Adapting Your Vision: The Key to Scaling Your Business
- Entrepreneurs face significant barriers accessing capital.
- To be a successful entrepreneur, you have to be willing to adjust your vision throughout the process in order to reach your end goal.
- The entrepreneur’s DNA includes never being satisfied unless you are moving forward.
The Minister of Finance should address stock-based compensation and taxation so that entrepreneurs can attract and afford high-quality talent. The government should also invest in training and certification equipment and create an accelerated depreciation schedule that would allow small businesses to scale up effectively.
What important skills do entrepreneurs need in order to navigate COVID-19 and why did you decide to become an entrepreneur?
The qualities that entrepreneurs need during COVID-19 are being flexible, having an ability to adapt to rapid change and making high impact decisions with limited information. I think entrepreneurs tend to have the appropriate mindset to deal with a situation like COVID-19 as those are qualities that are needed on a regular basis and they were put to the ultimate test in this environment.
If an entrepreneur can adapt to this environment, they should be able to adapt to almost anything—which is a key skill for success.
I decided to become an entrepreneur because I wanted to be challenged in my career. I also wanted to take what I had learned throughout my 15-year career and apply it to an opportunity where value could be created.
The entrepreneur’s DNA, to me, means that you are never satisfied unless you are moving forward and really learning. You have a vision of where you want to get— and you focus on overcoming the obstacles in the way of that vision.
“The entrepreneur’s DNA, to me, means that you are never satisfied unless you are moving forward and really learning.”
The collision repair business has been in my family for many years, and I grew up in the business. My father emigrated from Holland, where he was a tradesman, and became a tradesman here. He started his own company importing paint from Holland and became a distributor and continued on to work in the collision repair industry for 40 years.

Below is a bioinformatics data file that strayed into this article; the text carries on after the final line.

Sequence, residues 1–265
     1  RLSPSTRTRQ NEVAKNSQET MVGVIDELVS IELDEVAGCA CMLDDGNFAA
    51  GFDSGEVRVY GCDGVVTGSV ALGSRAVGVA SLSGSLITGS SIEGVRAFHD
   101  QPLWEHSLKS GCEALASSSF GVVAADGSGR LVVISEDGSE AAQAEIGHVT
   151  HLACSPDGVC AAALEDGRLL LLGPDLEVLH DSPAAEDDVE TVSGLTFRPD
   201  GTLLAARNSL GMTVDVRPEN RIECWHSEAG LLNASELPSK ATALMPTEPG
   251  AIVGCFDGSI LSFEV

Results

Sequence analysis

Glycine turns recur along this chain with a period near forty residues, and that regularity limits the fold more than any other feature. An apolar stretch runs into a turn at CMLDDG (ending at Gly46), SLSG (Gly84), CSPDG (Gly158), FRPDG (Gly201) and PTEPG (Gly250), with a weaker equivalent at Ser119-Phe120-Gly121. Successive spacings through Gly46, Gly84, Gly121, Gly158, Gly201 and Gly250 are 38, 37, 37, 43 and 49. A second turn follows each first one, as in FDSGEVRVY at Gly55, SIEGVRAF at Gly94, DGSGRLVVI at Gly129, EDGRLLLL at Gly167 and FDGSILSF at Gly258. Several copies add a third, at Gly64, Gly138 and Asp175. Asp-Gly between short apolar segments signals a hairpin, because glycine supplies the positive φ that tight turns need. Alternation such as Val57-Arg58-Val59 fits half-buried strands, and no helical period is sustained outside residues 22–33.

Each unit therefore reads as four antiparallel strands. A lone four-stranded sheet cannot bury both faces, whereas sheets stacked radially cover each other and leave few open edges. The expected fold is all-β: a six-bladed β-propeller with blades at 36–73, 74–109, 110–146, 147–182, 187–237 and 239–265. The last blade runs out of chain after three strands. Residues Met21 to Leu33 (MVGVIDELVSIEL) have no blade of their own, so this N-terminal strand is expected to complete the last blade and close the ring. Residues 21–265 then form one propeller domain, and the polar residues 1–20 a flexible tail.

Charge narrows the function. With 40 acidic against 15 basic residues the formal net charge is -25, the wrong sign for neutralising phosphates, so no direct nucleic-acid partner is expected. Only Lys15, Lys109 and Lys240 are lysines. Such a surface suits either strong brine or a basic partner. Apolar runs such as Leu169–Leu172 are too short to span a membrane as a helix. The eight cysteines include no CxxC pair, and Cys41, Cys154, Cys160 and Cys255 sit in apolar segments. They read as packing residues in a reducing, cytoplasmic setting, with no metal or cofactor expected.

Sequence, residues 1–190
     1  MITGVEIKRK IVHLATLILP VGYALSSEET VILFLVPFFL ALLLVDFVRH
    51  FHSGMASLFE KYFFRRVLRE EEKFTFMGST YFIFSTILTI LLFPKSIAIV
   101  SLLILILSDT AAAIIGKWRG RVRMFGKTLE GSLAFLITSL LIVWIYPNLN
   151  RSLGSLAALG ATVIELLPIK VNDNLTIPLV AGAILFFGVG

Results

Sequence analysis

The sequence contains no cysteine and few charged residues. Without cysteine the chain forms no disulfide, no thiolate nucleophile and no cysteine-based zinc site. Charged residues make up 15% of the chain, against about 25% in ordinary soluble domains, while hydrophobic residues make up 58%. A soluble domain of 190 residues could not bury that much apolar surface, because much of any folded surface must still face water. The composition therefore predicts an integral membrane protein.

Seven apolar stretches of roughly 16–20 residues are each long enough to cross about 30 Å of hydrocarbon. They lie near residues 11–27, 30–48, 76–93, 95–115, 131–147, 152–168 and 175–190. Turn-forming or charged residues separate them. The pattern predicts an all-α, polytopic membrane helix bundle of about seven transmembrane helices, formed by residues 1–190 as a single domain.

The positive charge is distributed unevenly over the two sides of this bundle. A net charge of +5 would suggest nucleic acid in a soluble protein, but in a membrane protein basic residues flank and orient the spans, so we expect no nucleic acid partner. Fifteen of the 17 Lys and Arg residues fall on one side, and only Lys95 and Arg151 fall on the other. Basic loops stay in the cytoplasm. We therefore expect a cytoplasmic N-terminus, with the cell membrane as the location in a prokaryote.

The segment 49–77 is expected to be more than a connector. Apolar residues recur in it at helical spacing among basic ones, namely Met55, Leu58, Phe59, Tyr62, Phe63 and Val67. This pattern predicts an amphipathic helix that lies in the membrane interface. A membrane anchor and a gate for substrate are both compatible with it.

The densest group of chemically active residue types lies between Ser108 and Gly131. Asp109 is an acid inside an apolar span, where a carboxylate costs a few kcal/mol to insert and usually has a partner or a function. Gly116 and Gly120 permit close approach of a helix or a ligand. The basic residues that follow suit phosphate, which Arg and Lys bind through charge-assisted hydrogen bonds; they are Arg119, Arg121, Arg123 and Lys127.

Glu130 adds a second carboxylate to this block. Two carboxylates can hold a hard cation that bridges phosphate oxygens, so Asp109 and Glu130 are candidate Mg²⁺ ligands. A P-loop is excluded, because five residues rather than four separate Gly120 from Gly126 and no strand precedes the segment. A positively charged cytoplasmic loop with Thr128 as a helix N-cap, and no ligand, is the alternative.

I went a different direction with my career, but when I spoke with my father, I realized there was a significant opportunity in the auto repair space. The demographics showed that most of the shops were owner-operated, and they had been built up over the last 30 to 50 years. There was a real succession issue in the industry, and that created the opportunity for a consolidator. If you combine that with the fact it is somewhat a non-cyclical industry, that people pay for the service upfront, and that the counterparts paying the bills are large insurance companies, it creates a significant business opportunity.
What are some the challenges you have faced as an entrepreneur and how did you overcome them?
One of the biggest challenges you encounter as an entrepreneur is raising capital. A key for any entrepreneur is finding long-term patient capital that understands your vision and is willing to ride out the start-up fees with you. To overcome this, we kept adjusting the business and refining our pitch to be able to articulate a vision that fit with the investment community. As much as you have a vision that you want to get out and execute, you have to be a bit flexible to ensure that it fits, and it can create the returns that the investment community is looking for.